The Sagamore Hotel, also oceanfront in South Beach, could be described as a "hotel installation" with its tradition of being featured in work created for Art Basel.
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Photographer Massimo Vitali memorialized the first Art Basel in 2002 with a live photo shoot at the Sagamore's end-of-fair brunch, now an annual event. This year's Art Basel Brunch on Dec. 8 will feature the unveiling of the large-scale, mass-nudity photographs Spencer Tunick shot at the hotel last month.
Slideshow: Super South Florida Robert Chambers' "Rotorelief," a functioning helicopter with its propeller blades replaced by hypnotically swirled discs, has been permanently installed on one of the hotel's low roofs in advance of Art Basel.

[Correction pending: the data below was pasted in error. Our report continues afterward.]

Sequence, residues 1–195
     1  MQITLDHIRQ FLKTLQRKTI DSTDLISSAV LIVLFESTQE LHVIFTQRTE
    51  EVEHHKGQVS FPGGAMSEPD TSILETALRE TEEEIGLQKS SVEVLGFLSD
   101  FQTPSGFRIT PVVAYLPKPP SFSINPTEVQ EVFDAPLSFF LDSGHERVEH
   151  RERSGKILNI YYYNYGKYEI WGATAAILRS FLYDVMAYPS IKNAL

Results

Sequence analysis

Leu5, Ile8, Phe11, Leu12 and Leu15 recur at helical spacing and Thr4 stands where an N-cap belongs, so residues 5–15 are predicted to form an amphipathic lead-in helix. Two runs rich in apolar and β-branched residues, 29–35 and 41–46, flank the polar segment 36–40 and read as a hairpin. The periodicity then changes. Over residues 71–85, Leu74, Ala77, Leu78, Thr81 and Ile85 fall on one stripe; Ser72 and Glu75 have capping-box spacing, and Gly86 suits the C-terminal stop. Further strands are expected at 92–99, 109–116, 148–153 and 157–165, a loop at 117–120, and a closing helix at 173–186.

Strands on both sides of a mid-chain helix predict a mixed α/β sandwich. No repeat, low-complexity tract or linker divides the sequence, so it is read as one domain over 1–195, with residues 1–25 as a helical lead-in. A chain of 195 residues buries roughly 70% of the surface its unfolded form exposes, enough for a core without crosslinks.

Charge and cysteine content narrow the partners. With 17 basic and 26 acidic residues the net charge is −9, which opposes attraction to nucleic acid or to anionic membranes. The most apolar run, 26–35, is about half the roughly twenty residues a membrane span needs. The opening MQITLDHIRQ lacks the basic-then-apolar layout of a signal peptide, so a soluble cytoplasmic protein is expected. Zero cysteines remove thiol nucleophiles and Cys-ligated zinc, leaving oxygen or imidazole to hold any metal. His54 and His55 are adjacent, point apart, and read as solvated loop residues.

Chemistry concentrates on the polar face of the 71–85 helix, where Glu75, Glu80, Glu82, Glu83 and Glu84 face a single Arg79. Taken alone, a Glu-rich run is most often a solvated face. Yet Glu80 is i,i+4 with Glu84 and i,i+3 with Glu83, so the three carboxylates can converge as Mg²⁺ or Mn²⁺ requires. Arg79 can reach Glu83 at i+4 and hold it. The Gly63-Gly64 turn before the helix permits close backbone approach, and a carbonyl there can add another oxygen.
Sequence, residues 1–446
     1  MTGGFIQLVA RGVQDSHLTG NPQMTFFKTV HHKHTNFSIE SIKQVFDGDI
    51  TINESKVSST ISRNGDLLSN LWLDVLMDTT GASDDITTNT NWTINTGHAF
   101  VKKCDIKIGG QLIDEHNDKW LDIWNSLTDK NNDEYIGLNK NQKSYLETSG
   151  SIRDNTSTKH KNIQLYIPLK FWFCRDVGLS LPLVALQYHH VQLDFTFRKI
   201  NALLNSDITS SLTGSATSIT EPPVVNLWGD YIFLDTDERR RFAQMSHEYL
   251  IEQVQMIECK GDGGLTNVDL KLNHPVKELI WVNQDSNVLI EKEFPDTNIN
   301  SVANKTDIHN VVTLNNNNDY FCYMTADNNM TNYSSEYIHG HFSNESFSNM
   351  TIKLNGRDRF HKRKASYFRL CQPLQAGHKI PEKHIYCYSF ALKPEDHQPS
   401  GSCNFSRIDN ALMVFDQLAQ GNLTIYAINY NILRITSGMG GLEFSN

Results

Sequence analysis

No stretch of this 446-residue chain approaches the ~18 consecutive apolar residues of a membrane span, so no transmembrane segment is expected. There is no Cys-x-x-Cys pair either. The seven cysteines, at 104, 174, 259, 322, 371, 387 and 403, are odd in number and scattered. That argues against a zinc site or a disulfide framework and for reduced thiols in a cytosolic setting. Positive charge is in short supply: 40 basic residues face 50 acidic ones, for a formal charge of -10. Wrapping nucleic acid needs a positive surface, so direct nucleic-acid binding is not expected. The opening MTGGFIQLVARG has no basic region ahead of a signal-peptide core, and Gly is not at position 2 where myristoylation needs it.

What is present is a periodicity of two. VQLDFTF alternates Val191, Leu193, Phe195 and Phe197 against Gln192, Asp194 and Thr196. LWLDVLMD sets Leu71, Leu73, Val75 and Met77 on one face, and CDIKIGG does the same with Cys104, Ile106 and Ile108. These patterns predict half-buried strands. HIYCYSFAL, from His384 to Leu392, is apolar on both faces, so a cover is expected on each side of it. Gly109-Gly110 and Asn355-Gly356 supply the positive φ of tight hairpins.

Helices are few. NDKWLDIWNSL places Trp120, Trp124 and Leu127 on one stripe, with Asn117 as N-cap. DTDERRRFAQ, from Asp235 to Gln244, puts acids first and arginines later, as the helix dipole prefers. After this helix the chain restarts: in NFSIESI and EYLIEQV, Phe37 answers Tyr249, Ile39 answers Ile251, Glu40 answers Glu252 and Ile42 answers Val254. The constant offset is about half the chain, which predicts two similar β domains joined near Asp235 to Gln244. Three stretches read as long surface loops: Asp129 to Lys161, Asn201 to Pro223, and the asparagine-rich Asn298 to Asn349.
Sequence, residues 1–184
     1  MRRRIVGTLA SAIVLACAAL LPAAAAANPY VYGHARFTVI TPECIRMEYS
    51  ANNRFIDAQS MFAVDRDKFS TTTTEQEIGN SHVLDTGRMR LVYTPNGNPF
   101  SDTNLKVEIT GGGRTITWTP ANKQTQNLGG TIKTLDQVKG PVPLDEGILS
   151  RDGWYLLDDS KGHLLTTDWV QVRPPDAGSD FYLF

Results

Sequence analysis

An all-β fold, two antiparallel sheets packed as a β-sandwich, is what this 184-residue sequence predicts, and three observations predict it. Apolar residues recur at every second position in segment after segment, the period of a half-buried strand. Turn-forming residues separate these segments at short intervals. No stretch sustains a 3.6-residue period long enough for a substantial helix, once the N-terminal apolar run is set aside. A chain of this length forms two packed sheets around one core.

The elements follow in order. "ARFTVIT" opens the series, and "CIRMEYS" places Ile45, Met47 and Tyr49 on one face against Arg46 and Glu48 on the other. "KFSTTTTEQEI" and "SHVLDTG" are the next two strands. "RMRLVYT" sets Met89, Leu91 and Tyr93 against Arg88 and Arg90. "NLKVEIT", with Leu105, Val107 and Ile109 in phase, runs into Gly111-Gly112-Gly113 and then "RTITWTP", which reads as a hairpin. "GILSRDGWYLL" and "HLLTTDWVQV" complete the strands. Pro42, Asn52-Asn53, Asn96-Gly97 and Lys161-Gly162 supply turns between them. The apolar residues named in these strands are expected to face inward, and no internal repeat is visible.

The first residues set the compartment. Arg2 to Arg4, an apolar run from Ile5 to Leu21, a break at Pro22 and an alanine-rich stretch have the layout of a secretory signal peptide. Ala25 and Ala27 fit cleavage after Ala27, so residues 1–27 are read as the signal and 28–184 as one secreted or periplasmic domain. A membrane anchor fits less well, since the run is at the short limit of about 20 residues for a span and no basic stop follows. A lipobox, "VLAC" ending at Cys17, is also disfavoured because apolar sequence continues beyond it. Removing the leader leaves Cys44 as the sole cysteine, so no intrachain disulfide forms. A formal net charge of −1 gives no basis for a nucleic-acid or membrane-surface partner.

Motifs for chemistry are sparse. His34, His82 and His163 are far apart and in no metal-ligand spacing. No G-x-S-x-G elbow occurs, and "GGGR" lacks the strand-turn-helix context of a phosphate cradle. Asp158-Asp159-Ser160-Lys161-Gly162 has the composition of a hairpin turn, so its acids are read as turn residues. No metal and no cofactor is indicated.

"People ask me, 'Are you running a hotel in a museum or a museum in a hotel?'" said hotel owner Marty Taplin. His response: "Beauty is in the eye of the beholder."
Small-scale exhibits will be tucked into almost all the corners of Miami's social scene. Artists take on art-lovers Dec. 8 in a poker tournament at the yellow Freedom Tower in downtown Miami, where one architectural installation will double as a functioning bar. Stephanie Sacco plans to hang video installations in a restaurant near her own Sacco Gallery, newly opened among the historic Miami Modern motels along Biscayne Boulevard.
Art can be found in traditional museum spaces as well during Art Basel: the Miami Art Museum, the Museum of Contemporary Art in North Miami, the Wolfsonian in Miami Beach's historical district and other area museums and private family collections will host special exhibits.